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When taking a look into my /var/log/secure logging file, I'm able to see attempts to log into my CentOS system via SSH, however, the username is blank. I've recreated this myself by entering false usernames, but the log still shows it being blank.

Feb 11 15:40:02 centos sshd[15369]: Invalid user  from xxx.181.90.221 port 51474
Feb 11 15:40:48 centos sshd[15394]: Invalid user  from xxx.181.90.221 port 51514
Feb 11 15:40:57 centos sshd[15396]: Invalid user  from xxx.181.90.221 port 51526
Feb 11 15:49:15 centos sshd[15462]: Invalid user  from xxx.181.90.221 port 51933
Feb 11 15:49:24 centos sshd[15464]: Invalid user  from xxx.181.90.221 port 51941
Feb 11 15:49:31 centos sshd[15466]: Invalid user  from xxx.181.90.221 port 51948
Feb 11 15:58:55 centos sshd[15622]: Invalid user  from xxx.181.90.221 port 52415
Feb 11 15:59:02 centos sshd[15624]: Invalid user  from xxx.181.90.221 port 52422
Feb 11 15:59:08 centos sshd[15626]: Invalid user  from xxx.181.90.221 port 52427
Feb 11 16:05:13 centos sshd[15684]: Invalid user  from xxx.181.90.221 port 52723
Feb 11 16:05:37 centos sshd[15688]: Invalid user  from xxx.181.90.221 port 52741
Feb 11 16:15:10 centos sshd[15776]: Invalid user  from xxx.181.90.221 port 53203
Feb 11 16:19:23 centos sshd[3862]: Invalid user  from xxx.181.90.221 port 53410

Any idea on how I could get this to provided the attempted username? This seemed to start happening after I set up Fail2Ban.

Thanks!

EDIT: It looks as though it will only log the usernames that are attempted from an internal IP address. Any external IP address will not log the username. Here is an external address trying to connect:

Feb 11 16:19:23 centos sshd[3862]: Invalid user  from xxx.181.90.221 port 53410

and here it is from an internal IP:

Feb 11 19:12:33 centos sshd[4193]: Invalid user badusername from 192.168.1.10 port 1718
  • fail2ban doesn't alter any of the logging processes. It simply reads the logs that get generated. If the format really did change then something else is responsible. (Do you have any evidence to confirm that the log file used to include the username?) – roaima Feb 12 at 0:51
  • Yes, earlier before I installed fail2ban and set the ssh logpath as /var/log/secure, it logged user names. Feb 11 12:39:54 centos sshd[15331]: Invalid user admin from xx.xx.xx.xx port 51285 – veanome Feb 12 at 1:04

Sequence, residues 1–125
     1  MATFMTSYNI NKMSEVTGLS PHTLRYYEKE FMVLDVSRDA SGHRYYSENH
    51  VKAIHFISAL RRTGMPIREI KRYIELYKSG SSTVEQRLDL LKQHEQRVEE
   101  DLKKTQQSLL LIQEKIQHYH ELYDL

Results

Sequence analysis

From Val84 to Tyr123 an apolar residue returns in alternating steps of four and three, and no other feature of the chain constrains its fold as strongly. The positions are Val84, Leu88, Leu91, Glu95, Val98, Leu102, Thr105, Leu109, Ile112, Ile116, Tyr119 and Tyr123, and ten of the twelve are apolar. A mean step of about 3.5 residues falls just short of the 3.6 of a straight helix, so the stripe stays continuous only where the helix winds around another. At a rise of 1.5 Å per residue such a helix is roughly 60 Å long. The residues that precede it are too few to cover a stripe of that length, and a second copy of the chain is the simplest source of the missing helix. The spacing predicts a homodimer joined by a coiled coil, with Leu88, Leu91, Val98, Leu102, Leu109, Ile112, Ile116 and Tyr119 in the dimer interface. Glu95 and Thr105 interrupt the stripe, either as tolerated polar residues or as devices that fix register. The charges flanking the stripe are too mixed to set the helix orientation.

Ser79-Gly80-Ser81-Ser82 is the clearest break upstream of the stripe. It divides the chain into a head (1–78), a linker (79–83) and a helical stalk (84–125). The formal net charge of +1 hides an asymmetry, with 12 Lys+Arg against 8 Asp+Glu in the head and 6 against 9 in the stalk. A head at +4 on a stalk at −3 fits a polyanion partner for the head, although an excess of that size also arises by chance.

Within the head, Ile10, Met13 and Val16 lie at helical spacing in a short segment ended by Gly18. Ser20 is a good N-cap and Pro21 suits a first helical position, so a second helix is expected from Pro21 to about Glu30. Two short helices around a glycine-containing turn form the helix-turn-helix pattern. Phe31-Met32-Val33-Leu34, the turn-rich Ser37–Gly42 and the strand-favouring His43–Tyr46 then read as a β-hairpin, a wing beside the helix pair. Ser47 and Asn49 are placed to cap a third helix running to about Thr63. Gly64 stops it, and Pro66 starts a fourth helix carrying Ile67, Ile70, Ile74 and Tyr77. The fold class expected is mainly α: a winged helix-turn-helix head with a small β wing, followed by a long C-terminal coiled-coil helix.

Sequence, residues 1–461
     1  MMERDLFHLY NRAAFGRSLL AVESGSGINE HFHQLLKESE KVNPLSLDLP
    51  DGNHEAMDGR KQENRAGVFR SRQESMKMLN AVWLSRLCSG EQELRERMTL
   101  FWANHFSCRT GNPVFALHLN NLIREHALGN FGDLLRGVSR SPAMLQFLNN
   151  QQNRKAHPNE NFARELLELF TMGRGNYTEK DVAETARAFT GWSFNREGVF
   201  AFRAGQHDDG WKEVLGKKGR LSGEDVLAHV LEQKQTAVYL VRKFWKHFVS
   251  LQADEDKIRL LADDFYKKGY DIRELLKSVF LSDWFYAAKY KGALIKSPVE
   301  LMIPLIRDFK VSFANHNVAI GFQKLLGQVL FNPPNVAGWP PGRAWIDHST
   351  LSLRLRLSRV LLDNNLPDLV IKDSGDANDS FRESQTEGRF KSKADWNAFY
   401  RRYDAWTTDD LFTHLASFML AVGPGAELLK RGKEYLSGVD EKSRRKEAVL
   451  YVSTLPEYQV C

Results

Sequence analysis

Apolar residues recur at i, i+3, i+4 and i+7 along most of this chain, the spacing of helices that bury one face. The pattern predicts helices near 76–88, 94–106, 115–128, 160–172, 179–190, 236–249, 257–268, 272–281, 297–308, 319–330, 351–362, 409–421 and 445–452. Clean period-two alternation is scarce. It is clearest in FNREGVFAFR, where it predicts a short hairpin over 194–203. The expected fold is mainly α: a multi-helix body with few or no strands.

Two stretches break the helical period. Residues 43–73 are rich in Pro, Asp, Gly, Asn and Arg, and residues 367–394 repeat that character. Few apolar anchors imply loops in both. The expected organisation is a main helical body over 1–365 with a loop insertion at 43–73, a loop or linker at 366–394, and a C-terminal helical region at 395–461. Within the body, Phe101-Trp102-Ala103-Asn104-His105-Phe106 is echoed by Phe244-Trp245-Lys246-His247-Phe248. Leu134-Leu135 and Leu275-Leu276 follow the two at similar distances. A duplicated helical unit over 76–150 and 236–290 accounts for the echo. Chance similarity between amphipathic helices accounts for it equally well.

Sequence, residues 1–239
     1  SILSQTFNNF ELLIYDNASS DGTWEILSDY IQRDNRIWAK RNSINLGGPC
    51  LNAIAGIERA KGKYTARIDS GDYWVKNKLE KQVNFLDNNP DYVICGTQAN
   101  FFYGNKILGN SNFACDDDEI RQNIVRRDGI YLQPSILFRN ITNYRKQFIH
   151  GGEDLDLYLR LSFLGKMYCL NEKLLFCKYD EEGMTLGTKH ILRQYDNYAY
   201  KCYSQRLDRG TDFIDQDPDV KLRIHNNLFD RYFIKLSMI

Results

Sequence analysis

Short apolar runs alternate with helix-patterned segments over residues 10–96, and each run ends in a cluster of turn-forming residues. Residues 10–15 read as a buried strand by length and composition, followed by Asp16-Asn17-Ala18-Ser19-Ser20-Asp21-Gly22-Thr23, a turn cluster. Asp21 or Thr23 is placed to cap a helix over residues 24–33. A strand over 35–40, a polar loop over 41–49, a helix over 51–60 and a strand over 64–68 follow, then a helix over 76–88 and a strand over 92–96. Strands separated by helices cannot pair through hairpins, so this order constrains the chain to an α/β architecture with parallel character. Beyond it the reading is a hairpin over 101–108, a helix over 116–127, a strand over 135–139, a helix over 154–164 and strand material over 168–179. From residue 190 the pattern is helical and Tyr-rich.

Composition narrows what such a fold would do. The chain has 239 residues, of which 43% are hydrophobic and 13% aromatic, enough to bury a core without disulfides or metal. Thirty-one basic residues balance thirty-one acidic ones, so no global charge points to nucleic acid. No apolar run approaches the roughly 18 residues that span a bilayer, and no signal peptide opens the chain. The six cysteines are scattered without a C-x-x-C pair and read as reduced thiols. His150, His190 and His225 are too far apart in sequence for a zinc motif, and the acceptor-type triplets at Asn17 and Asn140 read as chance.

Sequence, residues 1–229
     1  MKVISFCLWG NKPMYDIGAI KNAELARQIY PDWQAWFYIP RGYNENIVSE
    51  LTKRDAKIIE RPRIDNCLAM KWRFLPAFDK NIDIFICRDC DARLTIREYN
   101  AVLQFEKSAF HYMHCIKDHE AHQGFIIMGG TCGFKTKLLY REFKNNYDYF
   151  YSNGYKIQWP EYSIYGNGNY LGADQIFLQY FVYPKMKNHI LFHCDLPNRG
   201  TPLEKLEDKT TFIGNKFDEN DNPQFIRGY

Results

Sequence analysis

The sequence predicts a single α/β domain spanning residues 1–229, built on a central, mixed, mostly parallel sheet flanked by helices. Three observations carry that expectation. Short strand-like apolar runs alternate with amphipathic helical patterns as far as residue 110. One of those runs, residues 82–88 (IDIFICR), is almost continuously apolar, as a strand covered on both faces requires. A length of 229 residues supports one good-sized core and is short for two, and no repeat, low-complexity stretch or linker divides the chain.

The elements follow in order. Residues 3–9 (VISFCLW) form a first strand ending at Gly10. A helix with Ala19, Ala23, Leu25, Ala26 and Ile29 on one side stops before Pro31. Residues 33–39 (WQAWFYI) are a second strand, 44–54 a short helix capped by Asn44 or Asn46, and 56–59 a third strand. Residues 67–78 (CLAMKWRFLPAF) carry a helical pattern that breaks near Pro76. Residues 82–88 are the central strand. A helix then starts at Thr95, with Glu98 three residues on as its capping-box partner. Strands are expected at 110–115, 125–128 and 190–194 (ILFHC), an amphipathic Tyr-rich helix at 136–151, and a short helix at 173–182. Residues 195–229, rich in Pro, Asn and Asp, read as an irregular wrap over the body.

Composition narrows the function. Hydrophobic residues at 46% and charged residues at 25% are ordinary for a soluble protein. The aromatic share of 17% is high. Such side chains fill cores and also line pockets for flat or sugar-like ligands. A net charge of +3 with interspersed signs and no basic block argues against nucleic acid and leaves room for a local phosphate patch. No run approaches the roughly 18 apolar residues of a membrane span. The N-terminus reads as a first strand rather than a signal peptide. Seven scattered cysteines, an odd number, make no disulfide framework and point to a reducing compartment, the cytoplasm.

• It also looks as though if I connect to my centos box from the internal IP address it will log the username, but if its an external IP address it will not log the username. – veanome Feb 12 at 1:11
  • Sure! I went ahead and made the edits. I'm going to do another restart of the CentOS machine and see if that may fix anything. – veanome Feb 12 at 14:58
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    The username used could actually have been empty or a space or tab, possibly in an attempt to confuse or bypass security (which didn't work on your system obviously). – Kusalananda Feb 12 at 15:01
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fail2ban itself doesn't alter any of the logging processes. It simply reads the logs that get generated. However, I can reproduce the issue as described by specifying a null username:

ssh -l '' remote_host

The corresponding log entries in /var/log/auth.log on my Debian server are

Feb 12 16:35:43 remote_host sshd[6738]: Invalid user  from 192.168.xx.yy port 26677
Feb 12 16:35:43 remote_host sshd[6738]: input_userauth_request: invalid user  [preauth]

Looking closely you can see the double space between user and from in that first line, as seen in your own logs.

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    I was able to get around to my testing. It looks like I'm able to log the username attempts now from both internal and external IP addresses. I'm guessing the username being entered in was just a space or empty as @Kusalananda suggested. Thanks for the help everyone! – veanome Feb 12 at 17:22
  • Based on my testing, if the username had been a space you'd have got three adjacent spaces in the log message. – roaima Feb 12 at 19:52

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